Moreover, that memory is inextricably linked with my memories of covering the strike, and the fallout, and the influence on the Wisconsin state legislature, and how the paths of basketball, politics, civil rights, and humanity converged in the summer of 2020. I am thankful for being able to not just tell that part of the story, but converse with all of you about it, and how the Brew Hoop community really was a community, and how we were able to navigate that event and come out better on the other side. I am truly thankful for that.

Kyle: I would agree with Mitchell in that one of my favorite memories was not necessarily a high point. The team’s response and continued display of standing with Sterling Brown after his encounter with the Milwaukee Police that cold night really resonated with me. Teams and ownership always say they are going to be about the community and inclusive but never really stand on their word. But the Bucks putting out the statement multiple times they will stand and support Sterling really showed they were going to try and stay true to their word.

For my positive memory, Game 4 against the Boston Celtics in the 2018 Playoffs was one of the best games to attend in Person. Thon Maker was doing his usual “Playoff Thon” things. There was the Delly scoop, Giannis was posterizing the supposed Giannis stopper all were fun times. That combined with that was the last time I would ever be at the Bradley Center was a nice final memory. The Bradley Center had been almost a second or third home for me growing up so to end it on a high note was pretty special.

Riley: I’m going to cheat and give you two memories because this is a basketblog and there are no hard and fast rules.

The first memory was from November 3rd, 2012 courtesy of my best friend and yours, Brandon Jennings. My father, brother, and I rarely went to Bucks games together, but for some reason my dear father thought it’d be a good idea to go to the season home opener. I’d yet to really fall in love with basketball (it was my brother’s sport, primarily), though I enjoyed watching the game on its merits. We were treated to a masterclass in Monta Ellis’s game as he’d go 8-20 that evening, only to be topped by Mike Dunleavy Jr. inexplicably going 10-12 from the floor for 29 points while grabbing 12 rebounds. But it was Jennings who would provide us with the heroics as the game stood tied 102-102 with :00.6 left on the clock. The rest was jubilant history. We would go on to get swept by the Heatles that year.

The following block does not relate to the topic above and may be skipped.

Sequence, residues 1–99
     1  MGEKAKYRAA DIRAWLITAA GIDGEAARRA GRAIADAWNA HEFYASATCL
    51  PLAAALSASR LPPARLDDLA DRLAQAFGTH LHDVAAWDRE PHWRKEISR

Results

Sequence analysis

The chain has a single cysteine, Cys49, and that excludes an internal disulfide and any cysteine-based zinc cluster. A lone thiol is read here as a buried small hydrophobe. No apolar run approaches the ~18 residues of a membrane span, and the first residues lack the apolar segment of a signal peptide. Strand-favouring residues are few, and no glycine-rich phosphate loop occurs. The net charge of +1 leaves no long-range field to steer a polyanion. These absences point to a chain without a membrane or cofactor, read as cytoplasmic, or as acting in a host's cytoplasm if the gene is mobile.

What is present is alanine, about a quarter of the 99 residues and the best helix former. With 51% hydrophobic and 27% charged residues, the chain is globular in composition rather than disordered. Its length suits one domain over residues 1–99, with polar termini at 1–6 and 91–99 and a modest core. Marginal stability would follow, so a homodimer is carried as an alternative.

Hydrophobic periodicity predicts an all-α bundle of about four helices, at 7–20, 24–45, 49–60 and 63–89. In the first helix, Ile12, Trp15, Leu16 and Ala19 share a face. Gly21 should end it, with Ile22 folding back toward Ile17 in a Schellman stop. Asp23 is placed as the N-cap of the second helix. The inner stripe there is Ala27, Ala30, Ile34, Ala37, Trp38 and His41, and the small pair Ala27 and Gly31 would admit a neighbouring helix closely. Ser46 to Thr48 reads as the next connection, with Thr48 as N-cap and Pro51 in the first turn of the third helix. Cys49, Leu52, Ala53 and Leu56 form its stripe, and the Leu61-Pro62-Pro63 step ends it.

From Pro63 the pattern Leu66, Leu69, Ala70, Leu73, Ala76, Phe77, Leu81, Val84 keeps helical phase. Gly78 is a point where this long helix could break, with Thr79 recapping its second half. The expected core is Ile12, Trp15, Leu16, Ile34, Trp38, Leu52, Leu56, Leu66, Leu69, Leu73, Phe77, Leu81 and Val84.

Second memory isn’t game related, but involves my brother yet again: It was the summer of 2014 and I’d gotten more hooked to the Bucks in the intervening two years. Jabari Parker had just been drafted second overall and I was back in Wisconsin schlepping as a janitor for another summer. My brother and I were so excited (weren’t we all, at least a little bit?) that we opted to leave work at 10 AM to drive downtown to the Milwaukee Public Market to be there for the Jabari welcome party and press conference. The place was packed, the mood ebullient, and Larry Drew looked like a man who had just been saved. He’d be canned a few days later for Jason Kidd in what was a harbinger for the early LED era. Good times.

Andrew: I am thankful for the 2009-2010 Bucks team. I was in middle school at the time and would always get picked on for being a Bucks fan. However, that rookie season with brandon Jennings i will always remember fondly. Andrew Bogut was playing at a 1st-team level on both ends and that trade for John Salmons really had me believing this team could compete with the juggernaut Orlando Magic squad. Unfortunately, we all know how that ended :(

I am thankful for all my Brew Hoopers and readers who took me in when I first started. I thoroughly enjoy interacting with readers and seeing the comments on my posts, good or bad! We have a lot to be thankful for!

Again, feel more than welcome to comment a Bucks memory you’re thankful for down below! We here at Brew Hoop would like to thank everyone a very happy (and safe!) Thanksgiving.